Tue 23 February 2021:
A single dose of the Pfizer/BioNTech vaccine can reduce coronavirus transmission in the wider population as well as infection in an individual, research has revealed for the first time.
The vaccine provides up to 70 per cent protection against asymptomatic infection in working age adults, and cuts the chance of hospital admission and death from Covid-19 by more than 75 per cent among the over-80s.
The research led by Public Health England (PHE) is the world’s largest study of asymptomatic infections among working age people and suggests that vaccines will make a significant contribution to herd immunity.
The findings on asymptomatic infections are crucial because without vaccines they can fuel up to a third of cases, allowing the virus to spread undetected in the community.
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The research also shows the vaccine is just as effective against the Kent variant as well as the original strain of coronavirus in cutting hospitalisations, deaths and transmission.
A similar study by Oxford University earlier this month found that the Oxford/AstraZeneca jab reduced transmission of coronavirus by as much as two thirds, while research in Israel has found that the Pfizer/BioNTech vaccine cut hospital admissions and deaths significantly.
However this new PHE research is the most comprehensive study to cover working age adults as well as asymptomatic transmission in relation to the Pfizer/BioNTech jab.
The PHE research included an ongoing programme called SIREN (Sarscov2 Immunity & REinfection EvaluatioN) which monitors coronavirus infection rates among tens of thousands of healthcare workers in England.
The SIREN study authors, who examined the regular test results of 23,000 NHS staff at 104 hospitals, conclude that the Pfizer vaccine “effectively prevents both symptomatic and asymptomatic infection in working age adults”.
They add: “We provide strong evidence that vaccinating working age adults will substantially reduce asymptomatic and symptomatic SARS-CoV-2 infection and therefore reduce transmission of infection in the population.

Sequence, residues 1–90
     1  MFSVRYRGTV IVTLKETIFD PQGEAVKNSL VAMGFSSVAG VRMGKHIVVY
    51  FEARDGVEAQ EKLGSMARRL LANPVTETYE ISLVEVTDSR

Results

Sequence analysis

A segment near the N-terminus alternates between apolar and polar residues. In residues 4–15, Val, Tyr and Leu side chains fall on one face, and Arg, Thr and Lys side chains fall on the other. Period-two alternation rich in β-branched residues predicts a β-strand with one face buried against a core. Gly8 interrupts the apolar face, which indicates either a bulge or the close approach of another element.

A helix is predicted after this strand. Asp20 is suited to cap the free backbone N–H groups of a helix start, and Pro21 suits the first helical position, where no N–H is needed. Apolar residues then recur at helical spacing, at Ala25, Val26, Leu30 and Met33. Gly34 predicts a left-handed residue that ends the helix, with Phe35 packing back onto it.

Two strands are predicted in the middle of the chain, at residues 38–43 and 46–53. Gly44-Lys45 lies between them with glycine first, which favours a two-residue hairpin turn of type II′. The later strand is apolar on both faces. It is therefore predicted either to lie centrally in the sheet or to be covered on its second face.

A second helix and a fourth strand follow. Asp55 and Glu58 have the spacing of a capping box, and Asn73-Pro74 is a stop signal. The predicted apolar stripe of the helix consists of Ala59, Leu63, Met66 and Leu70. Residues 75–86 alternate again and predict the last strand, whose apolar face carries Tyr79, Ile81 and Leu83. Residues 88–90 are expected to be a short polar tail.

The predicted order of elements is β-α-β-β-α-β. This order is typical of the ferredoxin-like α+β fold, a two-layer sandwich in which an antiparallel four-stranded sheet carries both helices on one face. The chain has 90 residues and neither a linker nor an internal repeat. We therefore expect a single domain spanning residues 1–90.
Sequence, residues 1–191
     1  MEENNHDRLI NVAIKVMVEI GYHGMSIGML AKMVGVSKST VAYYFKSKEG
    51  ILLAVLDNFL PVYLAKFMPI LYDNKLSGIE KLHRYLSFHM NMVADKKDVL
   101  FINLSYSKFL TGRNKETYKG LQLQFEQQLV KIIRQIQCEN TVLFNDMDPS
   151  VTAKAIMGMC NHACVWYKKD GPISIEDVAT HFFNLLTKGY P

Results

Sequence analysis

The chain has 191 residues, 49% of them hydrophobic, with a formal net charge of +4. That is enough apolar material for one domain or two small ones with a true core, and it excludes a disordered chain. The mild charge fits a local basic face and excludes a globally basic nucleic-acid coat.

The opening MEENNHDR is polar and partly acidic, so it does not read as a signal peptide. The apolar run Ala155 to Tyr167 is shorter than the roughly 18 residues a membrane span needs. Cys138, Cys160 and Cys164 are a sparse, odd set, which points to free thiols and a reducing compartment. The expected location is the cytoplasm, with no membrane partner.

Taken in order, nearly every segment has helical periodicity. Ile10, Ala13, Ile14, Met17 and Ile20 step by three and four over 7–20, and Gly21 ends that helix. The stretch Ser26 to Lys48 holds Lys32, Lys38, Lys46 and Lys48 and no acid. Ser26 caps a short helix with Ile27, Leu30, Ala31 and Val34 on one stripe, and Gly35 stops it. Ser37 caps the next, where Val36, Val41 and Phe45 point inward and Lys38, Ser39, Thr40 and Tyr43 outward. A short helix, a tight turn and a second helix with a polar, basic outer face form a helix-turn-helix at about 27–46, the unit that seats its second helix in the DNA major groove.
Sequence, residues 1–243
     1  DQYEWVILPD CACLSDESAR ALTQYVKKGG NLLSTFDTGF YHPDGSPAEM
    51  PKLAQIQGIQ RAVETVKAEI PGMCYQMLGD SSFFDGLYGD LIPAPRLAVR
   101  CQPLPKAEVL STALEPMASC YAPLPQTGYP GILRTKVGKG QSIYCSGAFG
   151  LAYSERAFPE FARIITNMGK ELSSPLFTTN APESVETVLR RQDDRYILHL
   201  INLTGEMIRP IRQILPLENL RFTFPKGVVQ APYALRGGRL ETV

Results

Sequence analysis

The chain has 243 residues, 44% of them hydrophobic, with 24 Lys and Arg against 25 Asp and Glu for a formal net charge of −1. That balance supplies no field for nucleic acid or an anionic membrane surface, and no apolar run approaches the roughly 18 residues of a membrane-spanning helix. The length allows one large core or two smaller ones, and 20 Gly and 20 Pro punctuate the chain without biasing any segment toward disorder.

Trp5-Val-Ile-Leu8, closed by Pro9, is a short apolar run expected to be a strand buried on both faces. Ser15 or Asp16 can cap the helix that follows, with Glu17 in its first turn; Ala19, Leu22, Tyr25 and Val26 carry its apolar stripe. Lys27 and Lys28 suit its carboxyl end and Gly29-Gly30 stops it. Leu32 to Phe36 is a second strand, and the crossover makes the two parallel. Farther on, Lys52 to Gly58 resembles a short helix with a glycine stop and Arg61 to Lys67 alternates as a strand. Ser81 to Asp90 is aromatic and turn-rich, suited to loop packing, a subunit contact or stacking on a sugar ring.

“We found a vaccine effectiveness, at a given site, of at least 70 per cent overall… against both asymptomatic and symptomatic infection, from 21 days post-first dose of the BNT162b2 [Pfizer/BioNTech] vaccine.”
However, they added that the vaccine “does not eliminate infection risk completely” and advises that PPE equipment, social distancing and regular asymptomatic testing continues in hospitals and other healthcare settings.
Among the over-80s, Covid testing data on more than 12,000 people found at least 57 per cent protection against coronavirus 28 days after vaccination with a single dose of Pfizer, rising to 88 per cent after a second dose.
Among this age group, there was also thought to be at least 75 per cent protection against severe disease.
The risk of needing to go to hospital was 41 per cent lower among older people who were vaccinated compared to those who were unvaccinated, while the risk of death was at least 57 per cent lower.
Overall, the vaccine cut the chance of needing to go to hospital and death by more than 75 per cent, PHE said.
Health Secretary Matt Hancock said: “This crucial report shows vaccines are working. It is extremely encouraging to see evidence that the Pfizer vaccine offers a high degree of protection against coronavirus.
“This new evidence shows that the jab protects you, and protects those around you.
“It is important that we see as much evidence as possible on the vaccine’s impact on protection and on transmission, and we will continue to publish evidence as we gather it.”
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